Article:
Understanding how your online interactions with customers appear from a customer point of view is integral to operating a business online. As a business grows, it is easy to get lost in the minutia of the daily operations of your business, and to seek solutions that make the delivery of goods to your customers easier for you. Often what this means is that processes become more automated, and the businesses become less connected with the day-to-day interactions with paying customers. This can lead to snafus like the one I experienced the other day.
I purchased an e-book the other day in the interest of having the book immediately, so that I would have the book to read over the weekend. Internet shopping has become a major part of how we purchase small consumer goods in our household, and I can confidently say that I can generally navigate various payment gateways and e-commerce platforms without batting an eye. Sadly, this interaction did not work out quite the way I had hoped.
The book was available in multiple formats on Peachpit.com – I decided to order the book as a digital download. I have ordered e-books from various services including Amazon and Kobo in the past, and on the whole I would say I was pleased with how the purchase process went, and the ease of access to my downloaded materials. Not so with Peachpit. After being required to create an account to complete the transaction, I received and email confirmation from Peachpit Press, from a peachpit.com email address. So far so good. I processed my order using Paypal as my payment option, because of the buyers protection that they offer.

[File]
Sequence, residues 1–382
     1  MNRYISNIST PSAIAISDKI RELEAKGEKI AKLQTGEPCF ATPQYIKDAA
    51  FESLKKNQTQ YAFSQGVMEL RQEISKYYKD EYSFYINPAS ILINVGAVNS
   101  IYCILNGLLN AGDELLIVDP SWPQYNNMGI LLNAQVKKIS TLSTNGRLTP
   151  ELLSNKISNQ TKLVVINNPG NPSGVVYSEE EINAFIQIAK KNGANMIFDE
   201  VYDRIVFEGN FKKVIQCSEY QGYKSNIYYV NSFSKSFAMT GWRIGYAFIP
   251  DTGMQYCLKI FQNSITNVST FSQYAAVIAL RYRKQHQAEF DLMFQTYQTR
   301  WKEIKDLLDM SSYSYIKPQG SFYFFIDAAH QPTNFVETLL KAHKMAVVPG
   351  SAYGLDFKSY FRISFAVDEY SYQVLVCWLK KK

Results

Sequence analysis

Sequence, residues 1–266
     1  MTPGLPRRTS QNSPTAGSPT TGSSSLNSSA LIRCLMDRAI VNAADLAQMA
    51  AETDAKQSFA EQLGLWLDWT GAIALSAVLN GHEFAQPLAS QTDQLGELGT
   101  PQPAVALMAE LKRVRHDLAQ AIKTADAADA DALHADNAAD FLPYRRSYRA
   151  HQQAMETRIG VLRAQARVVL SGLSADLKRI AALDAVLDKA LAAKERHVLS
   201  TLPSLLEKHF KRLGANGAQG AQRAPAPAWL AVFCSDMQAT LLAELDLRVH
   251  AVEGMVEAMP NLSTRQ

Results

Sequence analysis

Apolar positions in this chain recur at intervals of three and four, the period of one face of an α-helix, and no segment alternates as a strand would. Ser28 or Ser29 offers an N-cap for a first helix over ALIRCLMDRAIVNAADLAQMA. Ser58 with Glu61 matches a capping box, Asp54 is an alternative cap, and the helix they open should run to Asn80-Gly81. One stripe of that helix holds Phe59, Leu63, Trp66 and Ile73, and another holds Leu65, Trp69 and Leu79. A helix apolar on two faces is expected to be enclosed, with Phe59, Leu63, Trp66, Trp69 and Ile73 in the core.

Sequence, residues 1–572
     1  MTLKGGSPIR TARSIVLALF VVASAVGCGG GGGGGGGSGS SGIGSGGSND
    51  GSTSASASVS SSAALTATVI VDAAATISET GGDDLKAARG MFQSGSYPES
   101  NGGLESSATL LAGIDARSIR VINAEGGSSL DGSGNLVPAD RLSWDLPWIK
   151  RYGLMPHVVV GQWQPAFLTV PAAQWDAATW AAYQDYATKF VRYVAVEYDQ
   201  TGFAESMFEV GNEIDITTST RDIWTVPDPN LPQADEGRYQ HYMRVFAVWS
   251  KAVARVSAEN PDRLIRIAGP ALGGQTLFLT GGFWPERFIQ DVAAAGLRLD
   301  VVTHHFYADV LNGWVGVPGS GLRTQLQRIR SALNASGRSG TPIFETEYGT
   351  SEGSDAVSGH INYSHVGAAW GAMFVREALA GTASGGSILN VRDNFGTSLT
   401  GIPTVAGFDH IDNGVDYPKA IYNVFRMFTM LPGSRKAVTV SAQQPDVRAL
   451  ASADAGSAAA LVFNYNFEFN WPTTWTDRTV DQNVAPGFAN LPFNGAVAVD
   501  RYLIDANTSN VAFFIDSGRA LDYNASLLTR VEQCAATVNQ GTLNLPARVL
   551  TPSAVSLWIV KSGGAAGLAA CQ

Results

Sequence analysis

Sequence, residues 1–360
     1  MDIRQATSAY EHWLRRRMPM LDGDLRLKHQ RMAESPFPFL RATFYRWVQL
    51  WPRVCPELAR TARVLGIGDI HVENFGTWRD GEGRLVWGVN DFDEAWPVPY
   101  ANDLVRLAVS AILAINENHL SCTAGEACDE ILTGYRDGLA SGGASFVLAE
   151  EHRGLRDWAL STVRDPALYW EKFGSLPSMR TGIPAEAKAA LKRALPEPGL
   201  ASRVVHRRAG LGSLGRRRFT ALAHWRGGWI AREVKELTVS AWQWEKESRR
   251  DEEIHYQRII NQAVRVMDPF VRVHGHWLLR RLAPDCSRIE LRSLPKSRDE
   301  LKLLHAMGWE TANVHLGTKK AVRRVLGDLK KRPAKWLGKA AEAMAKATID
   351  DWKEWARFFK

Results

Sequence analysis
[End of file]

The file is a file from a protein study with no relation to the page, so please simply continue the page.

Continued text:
Now here’s where the transaction went off the rails. Upon being forwarded to Paypal, I was informed the I was about to process a transaction with Pearson Education, or pearsoned.com. ‘Huh’ I said to myself. ‘I guess PeachPit and Pearson are affiliated in some way. I better check that out to make sure I am not being scammed.’ I opened a new window in my browser, and went to the Peachpit website, and then to the about section. ‘Cool – it looks like Peachpit is owned by Pearson. Right-o. Carry on.’ So I continued with the transaction.
I received the payment confirmation from Paypal. And then I waited. I answered some emails. I ate some dinner. I emailed the email address on the payment confirmation for pearsoned.com, and got no response from it.
I searched my email for the title of the the book, and low and behold, after my order was processed by Pearsoned.com using Paypal, another email had arrived from Informit.com with the subject line: ‘Thank You For Your Order’, which I had not seen hidden among all of my other emails, as I was looking for an email from Peachpit.com or Pearsoned.com
This email included a download link; I thought ‘Geez, well that was annoying. Interactions on a single order from 3 different websites. Glad to be downloading it now though.’ And then I went to open the downloaded file. Now before I had purchased the downloaded the file, I had read the information under About Adobe DRM Books, which you can read here:
Requires the free Adobe® Reader® software.
Download after purchase.
Before downloading this DRM-encrypted Adobe® Reader® PDF file, be sure to: